Patrica Ireland has been the president of NOW (National Organization for Women) since 1991. She will continue to be president until at least 2001. This book is an autobiographical one that describes how she became active and rose in the NOW leadership. It is mildly progressive.
It starts out fairly boring, because the advances for wimmin that Ireland seeks are based on wimmin's status in the 1960s and fairly small. By the end of the book though, we understand the reasons why Ireland has to write so much about a womyn's ability to just be a persyn. She is responding to the stereotypical reaction that feminists encounter in their work: that they are all lesbians, man-haters or sexually or professionally frustrated, that there is nothing political in what they are saying.
Patricia Ireland describes a life of starting sex with boys young,(p. 23) aspiring to be a cheerleader,(p. 23) being a dancer and bar type,(p. 33) having fist-fights as a kid (p. 18) and then becoming an airline flight attendant. As a flight attendant, NOW helped her in a legal struggle for health insurance. Eventually she became a corporate lawyer and then a full-time activist.
She divorced once, had one long-term marriage, but by the end of the book she reports having a lesbian companion. No doubt part of her appeal to her own organization is the little bit of everything. She liked boys from a young age, had an illegal abortion, has a lesbian lover and experienced divorce once. She worked first in a stereotypical female job, then proved her bourgeois competence as a corporate lawyer, becoming a partner at her firm before she would dedicate herself to politics full time.
The reviewer has to admit that while we often disagree with NOW, we cannot expect much better than what Patricia Ireland represents in the main bourgeois organization for wimmin's liberation. As a world traveler, she learned early on about conditions in the Third World and she was initially politicized by the whole anti-Vietnam War milieu.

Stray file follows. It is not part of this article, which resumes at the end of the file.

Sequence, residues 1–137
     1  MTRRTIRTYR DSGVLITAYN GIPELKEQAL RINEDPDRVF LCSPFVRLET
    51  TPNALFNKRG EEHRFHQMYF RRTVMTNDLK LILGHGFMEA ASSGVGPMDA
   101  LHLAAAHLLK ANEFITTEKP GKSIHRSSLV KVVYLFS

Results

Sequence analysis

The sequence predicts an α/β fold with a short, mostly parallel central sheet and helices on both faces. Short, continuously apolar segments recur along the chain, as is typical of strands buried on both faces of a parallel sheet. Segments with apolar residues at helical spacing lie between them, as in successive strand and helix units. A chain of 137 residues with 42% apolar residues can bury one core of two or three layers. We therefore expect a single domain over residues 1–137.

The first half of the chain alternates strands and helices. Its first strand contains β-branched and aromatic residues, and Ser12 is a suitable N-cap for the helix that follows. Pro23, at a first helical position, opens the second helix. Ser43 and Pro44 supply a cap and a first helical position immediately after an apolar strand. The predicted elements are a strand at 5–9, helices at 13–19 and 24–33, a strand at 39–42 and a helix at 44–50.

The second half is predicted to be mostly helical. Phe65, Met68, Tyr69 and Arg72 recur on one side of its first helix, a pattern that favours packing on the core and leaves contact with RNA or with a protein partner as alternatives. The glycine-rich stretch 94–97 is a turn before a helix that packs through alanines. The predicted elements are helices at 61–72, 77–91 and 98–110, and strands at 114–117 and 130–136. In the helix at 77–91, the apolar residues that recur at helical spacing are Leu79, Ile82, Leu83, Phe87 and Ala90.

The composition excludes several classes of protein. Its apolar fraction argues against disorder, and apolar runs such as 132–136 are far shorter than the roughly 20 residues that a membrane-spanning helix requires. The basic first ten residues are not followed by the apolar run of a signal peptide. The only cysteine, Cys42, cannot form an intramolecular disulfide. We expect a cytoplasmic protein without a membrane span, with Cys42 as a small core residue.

She came to understand political violence first-hand with numerous anti-communist terrorist bombings in Miami by Cuban exiles, which she links to right-wing extremists killing abortion doctors and other reproductive health workers. She takes blame for this violence in her book: "All of my organizing, all of my rhetoric, all of my best efforts had simply not been enough to stop the murder and the violence. I felt like a total fraud: Here I was holding myself out to the world as a leader, but none of my strategizing or hard worked seemed to have made any difference."(p. 291)
We believe that Ireland has adopted a superficial Liberal tolerance approach to violence which does not address root causes. She has the nerve to cite Frederick Douglass and say slavery was not abolished by persuasion of ruling class men, but she does not get into this question deeply.(p. 297) MIM reminds everyone that slavery was a system of violence-enforced national domination. For this reason, abolishing slavery required beating it out of the slaveowner -- whether through rebellions or civil war.
What we like about Ireland in particular is that she has put certain electoral strategies on the backburner to develop the "outsider" reformist movement. To do so she openly says she will work with communists,(p. 154) she will stand for lesbian and gay rights and she seeks alliance with oppressed nations people. We also agree with her persynal decision not to have children(p. 2) as too much of a commitment for a time when full-time political activism is necessary.
Mindful of their membership and financial dues collecting base, Ireland and other NOW officials noticed that they radically increased their base with the Anita Hill controversy (e.g., p. 245) and lost it when the Democrats won presidential office in 1992.(p. 262) Seeing that happen should persuade any mass organization that independence from the bourgeois parties is in their organization's and movement's best interests. We would not have chosen the Anita Hill issue, but one that embarrasses ruling class men from both parties seems like a good idea.
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